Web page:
If watching football on a Saturday afternoon was as much a non-event as Lord Stevens' interim report into alleged illegal payments, then the grounds would be empty.
No-one fingered. No bent managers unmasked. No dodgy agents named. No deals unveiled. No idea of how much money might be involved. Not even a hint of whether corruption exists or not. Instead, the mantra was "Be patient" and "Let's wait and see" as Lord Stevens, who has spent seven months investigating football's finances, was granted another two by the Premier League.
So what did we learn?
That of the 362 transfers in the original brief, 39 warrant further investigation. That only eight league clubs remain involved. And, well, that was about it.
We could not even be told who were the 17 'clean' clubs, the news of whose innocence was surely a matter of relief and deserved by fans who have endured so much negativity and speculation.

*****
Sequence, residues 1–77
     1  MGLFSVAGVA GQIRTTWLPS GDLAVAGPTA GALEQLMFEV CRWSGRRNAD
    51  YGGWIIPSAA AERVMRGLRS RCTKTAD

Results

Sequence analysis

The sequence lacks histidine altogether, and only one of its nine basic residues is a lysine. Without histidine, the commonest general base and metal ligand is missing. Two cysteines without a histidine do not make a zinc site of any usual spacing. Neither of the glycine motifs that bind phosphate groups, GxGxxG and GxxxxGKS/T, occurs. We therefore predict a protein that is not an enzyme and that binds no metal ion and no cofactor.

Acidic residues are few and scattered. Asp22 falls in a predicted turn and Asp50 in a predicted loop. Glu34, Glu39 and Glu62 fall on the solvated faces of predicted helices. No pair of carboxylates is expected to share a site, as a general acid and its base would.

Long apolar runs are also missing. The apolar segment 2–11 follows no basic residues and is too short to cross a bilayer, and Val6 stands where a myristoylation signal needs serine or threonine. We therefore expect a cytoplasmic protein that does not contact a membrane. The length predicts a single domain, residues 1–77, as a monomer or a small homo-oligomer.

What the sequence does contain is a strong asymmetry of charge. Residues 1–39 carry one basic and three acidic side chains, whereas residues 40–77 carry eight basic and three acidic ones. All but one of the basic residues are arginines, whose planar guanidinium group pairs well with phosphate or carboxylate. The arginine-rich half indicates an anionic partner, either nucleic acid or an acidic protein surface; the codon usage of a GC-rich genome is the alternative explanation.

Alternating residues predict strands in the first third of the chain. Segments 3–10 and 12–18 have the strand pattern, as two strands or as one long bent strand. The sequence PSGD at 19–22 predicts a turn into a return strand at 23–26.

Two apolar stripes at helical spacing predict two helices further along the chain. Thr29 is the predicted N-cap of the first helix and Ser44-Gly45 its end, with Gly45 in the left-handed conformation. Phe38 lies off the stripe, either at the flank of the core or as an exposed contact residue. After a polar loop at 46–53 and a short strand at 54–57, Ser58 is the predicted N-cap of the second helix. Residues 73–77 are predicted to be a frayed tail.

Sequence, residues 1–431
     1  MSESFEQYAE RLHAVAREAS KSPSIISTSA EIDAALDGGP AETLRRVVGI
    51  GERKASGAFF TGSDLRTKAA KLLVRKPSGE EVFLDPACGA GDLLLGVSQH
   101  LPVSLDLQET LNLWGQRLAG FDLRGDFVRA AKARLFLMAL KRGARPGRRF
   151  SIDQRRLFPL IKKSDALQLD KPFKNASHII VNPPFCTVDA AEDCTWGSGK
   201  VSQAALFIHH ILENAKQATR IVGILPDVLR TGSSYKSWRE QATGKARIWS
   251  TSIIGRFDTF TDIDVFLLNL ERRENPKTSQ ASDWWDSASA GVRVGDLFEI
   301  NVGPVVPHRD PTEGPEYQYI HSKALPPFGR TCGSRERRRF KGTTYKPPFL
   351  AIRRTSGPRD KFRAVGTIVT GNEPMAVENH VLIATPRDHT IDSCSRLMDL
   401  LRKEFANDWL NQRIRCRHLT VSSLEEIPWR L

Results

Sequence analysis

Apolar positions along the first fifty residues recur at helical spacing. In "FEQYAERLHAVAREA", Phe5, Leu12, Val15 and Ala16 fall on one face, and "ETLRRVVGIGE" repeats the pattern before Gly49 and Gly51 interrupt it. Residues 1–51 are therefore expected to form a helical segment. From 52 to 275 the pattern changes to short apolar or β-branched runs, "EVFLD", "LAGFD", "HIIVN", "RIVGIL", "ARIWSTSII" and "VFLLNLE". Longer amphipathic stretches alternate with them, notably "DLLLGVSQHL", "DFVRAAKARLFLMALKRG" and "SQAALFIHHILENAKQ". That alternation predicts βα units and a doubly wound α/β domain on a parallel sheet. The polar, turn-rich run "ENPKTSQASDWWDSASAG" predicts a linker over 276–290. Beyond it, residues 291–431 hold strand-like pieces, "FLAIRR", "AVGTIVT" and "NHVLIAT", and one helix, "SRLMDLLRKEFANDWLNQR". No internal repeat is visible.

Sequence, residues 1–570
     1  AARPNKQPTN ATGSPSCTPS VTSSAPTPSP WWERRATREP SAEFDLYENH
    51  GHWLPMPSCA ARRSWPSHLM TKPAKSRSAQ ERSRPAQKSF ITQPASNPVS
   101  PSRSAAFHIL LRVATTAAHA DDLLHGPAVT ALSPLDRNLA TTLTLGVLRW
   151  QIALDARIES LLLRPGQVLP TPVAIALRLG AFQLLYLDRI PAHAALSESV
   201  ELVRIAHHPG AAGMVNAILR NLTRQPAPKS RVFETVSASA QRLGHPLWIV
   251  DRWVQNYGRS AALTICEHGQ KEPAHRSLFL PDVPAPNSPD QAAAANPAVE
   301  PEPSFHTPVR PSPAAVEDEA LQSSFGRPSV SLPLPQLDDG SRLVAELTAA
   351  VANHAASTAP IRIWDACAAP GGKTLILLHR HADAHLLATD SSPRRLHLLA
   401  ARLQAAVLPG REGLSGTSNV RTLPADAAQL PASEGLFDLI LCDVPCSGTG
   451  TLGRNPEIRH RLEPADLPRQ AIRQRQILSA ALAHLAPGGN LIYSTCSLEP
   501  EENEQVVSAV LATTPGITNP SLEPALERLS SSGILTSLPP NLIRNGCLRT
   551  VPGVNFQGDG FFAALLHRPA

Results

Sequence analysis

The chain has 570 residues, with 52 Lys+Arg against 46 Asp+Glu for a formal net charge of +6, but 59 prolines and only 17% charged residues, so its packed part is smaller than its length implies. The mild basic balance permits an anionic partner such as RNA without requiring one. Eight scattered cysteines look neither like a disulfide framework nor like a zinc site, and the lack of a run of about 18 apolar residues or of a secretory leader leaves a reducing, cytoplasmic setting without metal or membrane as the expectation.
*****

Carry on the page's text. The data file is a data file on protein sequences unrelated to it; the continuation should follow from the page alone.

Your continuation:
Yes, it was understandable that a former police commissioner did not want to prejudice anything he might find in the next few weeks while interim reports rarely tend to have too much meat on the bone.
For all Lord Stevens insisted that: "If we can't expose it (corruption) I don't know who can" it was difficult to see where his confidence came from.
He might have 20 "forensic accountants" at his disposal, all schooled in magic by numbers.
But what good is that if only 65 of the 150 football agents have replied to requests for information?
All we can say for now is that the score is 0-0, we are into extra-time, there is no sign of penalties - and the action, what little there has been, is terminally boring.